Harry Rutherford – Cumbrian Hill 1953 (Sold)




Harry Rutherford – Cumbrian Hill 1953

Artist: Harry Rutherford

Title: Cumbrian Hill 1953

Original Painting – Oil on Board

12 x 9″ Inches  – Supplied in painted wooden frame (Framed Size – 19 x 16″ Inches)

Harry Rutherford Cumbrian Hill 1953


Harry Rutherford (1903 – 1985) was born in Denton, Manchester. Subsequently spending much of his life in Hyde, Rutherford has often been identified as one of the unsung heroes of the Lowry generation. A follower & friend of Walter Sickert.

Rutherford attended Hyde School of Art on Saturday mornings whilst still at school. Upon leaving he joined the Manchester School of Art where he was taught by Walter Sickert and became a contemporary of LS Lowry.

He worked as an artist for a Manchester advertising agency and later at the Manchester Evening News. He then worked in London as a freelance artist and illustrator on Fleet Street for many magazines. In 1936, he worked on a cover for the magazine The Listener. Which introduced him to the world of television. A BBC producer was so impressed with Rutherford he employed him to stand in the studio wings for his programme Cabaret Cartoons drawing variety acts as they performed.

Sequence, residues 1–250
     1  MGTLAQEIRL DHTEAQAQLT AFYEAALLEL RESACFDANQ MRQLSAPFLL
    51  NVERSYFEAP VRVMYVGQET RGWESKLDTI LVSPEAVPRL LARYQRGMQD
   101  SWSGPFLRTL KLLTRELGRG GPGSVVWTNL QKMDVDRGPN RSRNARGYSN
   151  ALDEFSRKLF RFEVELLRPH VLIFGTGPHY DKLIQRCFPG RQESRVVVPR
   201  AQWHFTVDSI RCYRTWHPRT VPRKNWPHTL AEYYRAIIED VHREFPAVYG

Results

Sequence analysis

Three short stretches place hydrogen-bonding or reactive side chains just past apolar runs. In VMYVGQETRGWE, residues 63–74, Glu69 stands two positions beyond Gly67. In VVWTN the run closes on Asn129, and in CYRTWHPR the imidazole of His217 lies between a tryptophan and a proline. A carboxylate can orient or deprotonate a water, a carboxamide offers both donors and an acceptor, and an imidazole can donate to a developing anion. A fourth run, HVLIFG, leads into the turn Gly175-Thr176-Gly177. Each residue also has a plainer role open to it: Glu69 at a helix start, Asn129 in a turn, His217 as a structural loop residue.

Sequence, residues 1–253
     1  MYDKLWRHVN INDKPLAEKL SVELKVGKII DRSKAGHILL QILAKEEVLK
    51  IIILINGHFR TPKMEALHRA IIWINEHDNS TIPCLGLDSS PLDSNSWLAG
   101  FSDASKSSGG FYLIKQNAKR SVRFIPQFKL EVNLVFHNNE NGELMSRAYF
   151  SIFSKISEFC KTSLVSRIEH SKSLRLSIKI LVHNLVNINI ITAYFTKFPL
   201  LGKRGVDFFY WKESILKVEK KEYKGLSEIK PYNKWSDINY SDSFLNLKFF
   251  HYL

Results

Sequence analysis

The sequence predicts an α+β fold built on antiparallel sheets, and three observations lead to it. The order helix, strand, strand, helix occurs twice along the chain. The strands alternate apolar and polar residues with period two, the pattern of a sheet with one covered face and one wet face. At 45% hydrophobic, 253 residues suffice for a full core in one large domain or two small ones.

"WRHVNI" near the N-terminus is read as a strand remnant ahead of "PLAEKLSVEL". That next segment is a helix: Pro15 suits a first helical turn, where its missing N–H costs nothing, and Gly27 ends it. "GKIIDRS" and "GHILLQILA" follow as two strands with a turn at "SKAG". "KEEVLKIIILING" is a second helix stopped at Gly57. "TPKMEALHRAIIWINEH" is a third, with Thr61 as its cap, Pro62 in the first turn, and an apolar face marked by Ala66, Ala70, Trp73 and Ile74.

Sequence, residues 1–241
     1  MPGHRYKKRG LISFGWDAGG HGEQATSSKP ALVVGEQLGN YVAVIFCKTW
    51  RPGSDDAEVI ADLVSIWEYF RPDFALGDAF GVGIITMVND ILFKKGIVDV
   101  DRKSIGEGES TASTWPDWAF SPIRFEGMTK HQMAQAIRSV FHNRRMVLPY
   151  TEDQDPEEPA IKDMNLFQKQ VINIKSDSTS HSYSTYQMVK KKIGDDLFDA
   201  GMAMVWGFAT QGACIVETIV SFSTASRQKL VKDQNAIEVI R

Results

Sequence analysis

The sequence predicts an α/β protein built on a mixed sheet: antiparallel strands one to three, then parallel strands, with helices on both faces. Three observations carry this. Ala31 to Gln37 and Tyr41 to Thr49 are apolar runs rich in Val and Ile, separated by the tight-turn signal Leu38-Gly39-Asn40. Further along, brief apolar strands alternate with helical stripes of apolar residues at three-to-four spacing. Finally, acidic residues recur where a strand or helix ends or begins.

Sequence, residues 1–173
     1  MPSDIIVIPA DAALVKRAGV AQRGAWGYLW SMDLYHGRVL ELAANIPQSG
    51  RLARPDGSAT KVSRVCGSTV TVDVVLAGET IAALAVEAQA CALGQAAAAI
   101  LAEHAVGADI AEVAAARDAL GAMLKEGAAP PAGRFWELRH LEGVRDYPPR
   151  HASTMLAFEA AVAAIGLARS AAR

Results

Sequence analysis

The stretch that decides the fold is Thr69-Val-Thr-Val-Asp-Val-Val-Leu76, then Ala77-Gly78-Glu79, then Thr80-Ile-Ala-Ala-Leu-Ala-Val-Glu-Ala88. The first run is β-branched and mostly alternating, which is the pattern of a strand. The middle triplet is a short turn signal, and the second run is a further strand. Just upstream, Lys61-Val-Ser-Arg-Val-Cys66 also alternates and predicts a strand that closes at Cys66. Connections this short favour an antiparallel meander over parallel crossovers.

TV Show

Following the war Rutherford hosted his own children’s television show, Sketchbook. In which he pioneered art live on television long before artists such as Tony Hart had made their screen debuts.

Harry Rutherford (1903 – 1985) travelled extensively in his life, to Spain in the 30’s and in the 50’s he travelled across Europe and to Borneo as a guest of the British Council. Loyal to his local community he kept a studio in Nelson Street, Hyde. Although due to ill health he painted less in his later years. harry still remained an active member of the community and painted some of the most significant and insightful paintings of life in the local area.

His work is of national importance due to his significant place in the development of British twentieth century art. And the contribution he made to the history of television. Rutherford returned to Hyde in Greater Manchester in the 1950’s and was employed as a teacher of Art at the Regional College of Art in Manchester until his retirement in 1968. His pupils included the internationally renowned painter Geoffrey Key. In 1961 he was elected president of the Manchester Academy of Fine Arts, a post he held for eight years.

There are many Rutherford’s in public collections. Including Manchester Art Gallery, Salford Museum & Art Gallery. Royal Academy of Arts & Many More. 

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